Alexander was our only child – in some ways that made us “lucky”.  I say, lucky, because we did not have other children to worry about.  Cancer does not just affect the child that has it, but the whole family.  Mom or dad have to give special attention to the sick child, which means the well child will suffer, no matter how hard parents try to be in two places at once.  The other children, also worry about their sibling – perhaps even wonder if it could happen to them.  Thankfully, the Child Life Specialist try to plan special events for the “Super Sibs”, to make them feel special and not so alone in this cancer world.

We were very lucky to have a strong support system!  So many family members, friends, and even strangers sent us money, gift cards, food, etc.  We are very grateful to each and every one of you for helping us.  No matter how big or small, it made a HUGE difference to us!



One response to “More Costs

  1. Erin says:

    Then there are costs most of us (thankfully) never have to consider, because we’re so close to so many wonderful medical facilities. Many of my friends who do not live here near Boston are actually hours from the nearest hospital– not the BEST hospital, but the NEAREST! And these people do not live in “the sticks” but in Ohio, Michigan, and Georgia. They need to consider the enormous costs of transportation and housing (which adds up SO quickly for people with a chronic illness, never mind Stupid Cancer).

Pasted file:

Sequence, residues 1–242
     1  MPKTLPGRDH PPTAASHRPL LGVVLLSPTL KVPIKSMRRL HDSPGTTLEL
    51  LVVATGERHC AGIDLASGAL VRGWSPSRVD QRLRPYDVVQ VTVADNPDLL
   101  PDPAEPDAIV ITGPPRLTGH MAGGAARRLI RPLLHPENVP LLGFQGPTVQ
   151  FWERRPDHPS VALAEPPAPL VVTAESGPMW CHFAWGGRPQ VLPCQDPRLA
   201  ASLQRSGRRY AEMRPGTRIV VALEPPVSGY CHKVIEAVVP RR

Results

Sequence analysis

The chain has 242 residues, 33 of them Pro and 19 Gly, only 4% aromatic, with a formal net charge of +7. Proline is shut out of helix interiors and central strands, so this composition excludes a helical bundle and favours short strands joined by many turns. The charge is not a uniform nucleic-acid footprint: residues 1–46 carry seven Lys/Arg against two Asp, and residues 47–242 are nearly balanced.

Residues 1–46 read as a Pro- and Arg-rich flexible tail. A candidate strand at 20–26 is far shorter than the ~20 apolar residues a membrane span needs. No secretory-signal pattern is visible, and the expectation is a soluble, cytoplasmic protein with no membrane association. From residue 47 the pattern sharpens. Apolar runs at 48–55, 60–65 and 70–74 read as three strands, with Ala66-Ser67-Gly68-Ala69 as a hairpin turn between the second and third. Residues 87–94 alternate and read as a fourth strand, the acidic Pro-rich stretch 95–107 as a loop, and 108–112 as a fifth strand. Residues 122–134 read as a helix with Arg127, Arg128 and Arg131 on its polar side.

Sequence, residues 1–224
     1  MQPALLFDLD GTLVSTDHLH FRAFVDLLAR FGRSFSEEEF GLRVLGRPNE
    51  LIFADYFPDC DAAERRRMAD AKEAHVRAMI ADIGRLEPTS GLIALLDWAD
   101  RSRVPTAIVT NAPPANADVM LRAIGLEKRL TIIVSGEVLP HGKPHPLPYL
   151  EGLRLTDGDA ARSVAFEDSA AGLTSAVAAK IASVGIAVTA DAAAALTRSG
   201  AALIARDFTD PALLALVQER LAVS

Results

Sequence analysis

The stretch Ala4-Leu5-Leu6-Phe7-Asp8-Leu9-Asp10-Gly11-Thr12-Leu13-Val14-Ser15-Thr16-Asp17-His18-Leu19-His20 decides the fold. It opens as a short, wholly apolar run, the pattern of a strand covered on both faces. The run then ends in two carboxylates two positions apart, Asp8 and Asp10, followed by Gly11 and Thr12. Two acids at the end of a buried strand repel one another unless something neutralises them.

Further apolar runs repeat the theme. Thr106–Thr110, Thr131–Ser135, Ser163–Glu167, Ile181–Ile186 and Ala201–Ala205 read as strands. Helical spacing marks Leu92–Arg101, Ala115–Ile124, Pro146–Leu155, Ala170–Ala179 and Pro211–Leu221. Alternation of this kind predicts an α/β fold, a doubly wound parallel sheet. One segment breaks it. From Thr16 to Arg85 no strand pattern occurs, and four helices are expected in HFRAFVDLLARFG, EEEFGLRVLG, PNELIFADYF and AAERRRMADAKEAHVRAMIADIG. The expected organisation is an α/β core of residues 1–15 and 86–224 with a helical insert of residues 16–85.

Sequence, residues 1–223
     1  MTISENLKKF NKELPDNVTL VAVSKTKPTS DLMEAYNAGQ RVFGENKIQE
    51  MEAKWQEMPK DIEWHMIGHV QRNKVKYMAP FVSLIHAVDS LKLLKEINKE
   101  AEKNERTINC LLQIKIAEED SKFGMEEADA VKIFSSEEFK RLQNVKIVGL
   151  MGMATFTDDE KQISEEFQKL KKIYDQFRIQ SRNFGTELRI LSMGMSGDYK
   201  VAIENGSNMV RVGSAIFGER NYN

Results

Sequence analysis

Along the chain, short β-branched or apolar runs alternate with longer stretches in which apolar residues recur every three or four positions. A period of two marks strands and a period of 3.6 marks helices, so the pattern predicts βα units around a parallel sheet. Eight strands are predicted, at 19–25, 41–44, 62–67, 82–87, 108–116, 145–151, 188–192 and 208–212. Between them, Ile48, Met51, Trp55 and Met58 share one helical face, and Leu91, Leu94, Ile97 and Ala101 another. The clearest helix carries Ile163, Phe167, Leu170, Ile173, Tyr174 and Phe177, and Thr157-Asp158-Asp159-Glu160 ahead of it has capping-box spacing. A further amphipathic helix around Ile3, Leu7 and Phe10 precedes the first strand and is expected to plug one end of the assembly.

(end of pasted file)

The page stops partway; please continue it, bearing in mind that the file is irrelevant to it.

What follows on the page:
For those of us with a rare disease that can only effectively be treated out of state, the costs add up even quicker. I was lucky enough to eventually win a battle forcing insurance to pay for my surgery and hospitalization out of state. I found a charity to fly me down there. But even then, the costs that Nancy mentioned snowballed to over $9000 out-of-pocket in the 3 weeks before I was allowed to go home. Every follow-up has dug out another $500. Even then, I am among the most fortunate—most go through 4-20 of these surgery trips! Remember, we all have insurance to pay the basic medical costs!

    Medical costs not covered by insurance are almost as debilitating as my illness. There are no charities for adults with rare diseases (even though 1 in 12 Americans suffer from a rare disease). Parking, doctor appointment co-pays, prescription co-pays, medical equipment not covered by insurance… it adds up. Many of us end up living with relatives. Many spend years fighting for some government assistance. Many forgo necessary meds and appointments because they cannot afford them. Most of us cannot keep a job because of needing too much time off.

    Parking, food, travel, housing, co-pays, lost employment… just some of the financial costs of Stupid Cancer and SO many other chronic or acute illnesses. Even so, without insurance, most of us would not be alive to suffer the financial costs. How would you tally the price of a life? Look at a photo of Alexander, then tell me.